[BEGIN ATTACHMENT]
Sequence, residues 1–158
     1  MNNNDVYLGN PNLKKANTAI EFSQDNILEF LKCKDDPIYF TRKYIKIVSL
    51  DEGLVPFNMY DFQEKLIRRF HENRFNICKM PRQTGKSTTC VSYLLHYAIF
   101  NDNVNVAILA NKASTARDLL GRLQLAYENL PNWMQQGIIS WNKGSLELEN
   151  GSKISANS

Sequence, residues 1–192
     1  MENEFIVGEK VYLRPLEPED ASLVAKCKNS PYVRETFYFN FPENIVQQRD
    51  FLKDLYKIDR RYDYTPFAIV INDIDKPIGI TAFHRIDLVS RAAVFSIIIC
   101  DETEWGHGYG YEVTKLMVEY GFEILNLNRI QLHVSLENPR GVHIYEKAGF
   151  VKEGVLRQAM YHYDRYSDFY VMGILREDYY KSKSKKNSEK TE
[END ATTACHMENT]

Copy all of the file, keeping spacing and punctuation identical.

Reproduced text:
Sequence, residues 1–158
     1  MNNNDVYLGN PNLKKANTAI EFSQDNILEF LKCKDDPIYF TRKYIKIVSL
    51  DEGLVPFNMY DFQEKLIRRF HENRFNICKM PRQTGKSTTC VSYLLHYAIF
   101  NDNVNVAILA NKASTARDLL GRLQLAYENL PNWMQQGIIS WNKGSLELEN
   151  GSKISANS

Sequence, residues 1–192
     1  MENEFIVGEK VYLRPLEPED ASLVAKCKNS PYVRETFYFN FPENIVQQRD
    51  FLKDLYKIDR RYDYTPFAIV INDIDKPIGI TAFHRIDLVS RAAVFSIIIC
   101  DETEWGHGYG YEVTKLMVEY GFEILNLNRI QLHVSLENPR GVHIYEKAGF
   151  VKEGVLRQAM YHYDRYSDFY VMGILREDYY KSKSKKNSEK TE